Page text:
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Participant holding a sign at a climate march in Manhattan on September 20, 2020. (Photo: Erik McGregor/LightRocket via Getty Images)

'Now Is the Moment to Deliver': Sunrise Movement Says Biden Climate Ambitions Require Abolition of Senate Filibuster

"Our generation will not accept any excuses for delay or inaction on delivering historic legislation to build back better."

Jake Johnson

Applauding President Joe Biden's newly announced executive actions as "a historic step forward" in the fight against the climate crisis, the youth-led Sunrise Movement on Wednesday said the Democratic Party must use its unified control of the federal government to go further with bold legislation that invests massively in clean energy, creates millions of good-paying jobs, and ensures a speedy and just transition away from planet-destroying fossil fuels.

And such sweeping legislation will only be possible, Sunrise argued, if Democrats swiftly move to eliminate the legislative filibuster.

"Today makes clear that President Biden hears our generation's demands loud and clear, understands the power of our movement, and is serious about using executive power to deliver on his campaign promises," Sunrise executive director Varshini Prakash said in a statement celebrating the wave of climate-related executive orders Biden is expected to sign Wednesday afternoon.

"Democrats have a majority in the House, Senate, and a president ready to take action. Now is the moment to deliver transformative change for the American people."
—Varshini Prakash, Sunrise Movement

According to a fact-sheet released by the White House Wednesday morning, the batch of orders will—among other things—include a pause on all new oil and natural gas leases on public lands and offshore waters, official establishment of the Office of Domestic Climate Policy and National Climate Task Force, and a directive mandating that federal agencies eliminate fossil fuel subsidies and "identify new opportunities to spur innovation, commercialization, and deployment of clean energy technologies."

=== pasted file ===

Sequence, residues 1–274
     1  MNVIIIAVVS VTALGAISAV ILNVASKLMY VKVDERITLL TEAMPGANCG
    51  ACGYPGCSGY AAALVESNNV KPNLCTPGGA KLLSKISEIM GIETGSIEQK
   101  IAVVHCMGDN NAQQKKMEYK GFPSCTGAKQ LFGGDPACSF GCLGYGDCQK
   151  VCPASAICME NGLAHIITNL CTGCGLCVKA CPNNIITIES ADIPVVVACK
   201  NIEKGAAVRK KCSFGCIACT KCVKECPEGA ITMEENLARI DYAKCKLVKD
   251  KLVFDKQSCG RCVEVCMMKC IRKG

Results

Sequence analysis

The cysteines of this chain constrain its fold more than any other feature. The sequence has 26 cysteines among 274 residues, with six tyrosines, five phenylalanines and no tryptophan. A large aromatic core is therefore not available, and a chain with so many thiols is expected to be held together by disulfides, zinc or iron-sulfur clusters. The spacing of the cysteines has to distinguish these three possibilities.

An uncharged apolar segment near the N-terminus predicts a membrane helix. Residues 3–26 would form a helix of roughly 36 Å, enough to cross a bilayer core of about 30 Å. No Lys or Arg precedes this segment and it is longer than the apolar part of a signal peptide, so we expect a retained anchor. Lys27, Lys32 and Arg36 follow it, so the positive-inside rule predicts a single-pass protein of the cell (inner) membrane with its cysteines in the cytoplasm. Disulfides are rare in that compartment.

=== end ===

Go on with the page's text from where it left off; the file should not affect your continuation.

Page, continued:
While green groups nationwide applauded the measures and what they broadly signal, Mitch Jones, policy director at Food & Water Watch, said in a statement that Biden's orders fall well short of what's needed and "must be paired with serious plans to stop our deadly addiction to fossil fuels."

"We need a White House that is committed to stopping all drilling and fracking, and shutting down any schemes to export fossil fuels," said Jones.

Prakash also stressed the need for further action, declaring that "today must just be the beginning" of the administration's efforts.

"Our generation," she warned, "will not accept any excuses for delay or inaction on delivering historic legislation to build back better, creating millions of good jobs investing in clean energy, communities, and sustainable infrastructure."

"We have no time to waste," said Prakash. "The climate crisis, compounded by the pandemic, racial injustice, and decades of Republican obstruction and destructive policies, demands that we make up for lost time to match the scale and urgency of this moment. Democrats have a majority in the House, Senate, and a president ready to take action. Now is the moment to deliver transformative change for the American people."

Specifically, Prakash implored Senate Democrats to move quickly to eliminate the legislative filibuster, an archaic 60-vote rule that effectively gives the Republican minority veto power over much of Biden's climate agenda.

Though significant climate-related spending—such as the investments in green infrastructure that Biden and Democratic lawmakers have promised—can be approved through the filibuster-proof budget reconciliation process, the rules governing that procedural tool would prevent passage of key regulatory changes such as a binding clean energy requirement and other priorities.

Vox's David Roberts wrote last year that "to truly pass a complete climate policy, the kind appropriate to the challenge, Democrats... would have to stretch the reconciliation process well beyond its traditional bounds."

"Even if they were willing to do that, it's not going to result in particularly good policy," Roberts argued. "The filibuster needs to go. In a modern society, the majority needs to be able to legislate."

Prakash echoed that argument Wednesday, urging Biden and Senate Majority Leader Chuck Schumer (D-N.Y.) to "push to abolish the Senate filibuster to ensure the will of the people and deliver needed economic relief and transformation."

Biden and Schumer have both voiced openness to eliminating the filibuster, but to do so they would have to win over recalcitrant defenders of the filibuster such as Sens. Joe Manchin (D-W.Va.) and Kyrsten Sinema (D-Ariz.), who both reiterated their commitment to keeping the filibuster intact earlier this week.

Writing for the Arizona Mirror earlier this week, Sunrise Movement Tempe member Emily Kirkland warned that "as long as the filibuster remains in place, Democrats are stuck."

"We are facing a moment of peril almost unparalleled in modern history: hundreds of thousands have died from Covid-19, unemployment is at record levels, and urgent action is needed on racial justice, immigration, climate change, inequality, and other long-simmering crises," Kirkland wrote. "With a trifecta in Washington, D.C., Democrats have the opportunity to pass popular, common sense policies to meet this moment and improve the lives of millions."

"They should abolish the filibuster and get to work," Kirkland added.


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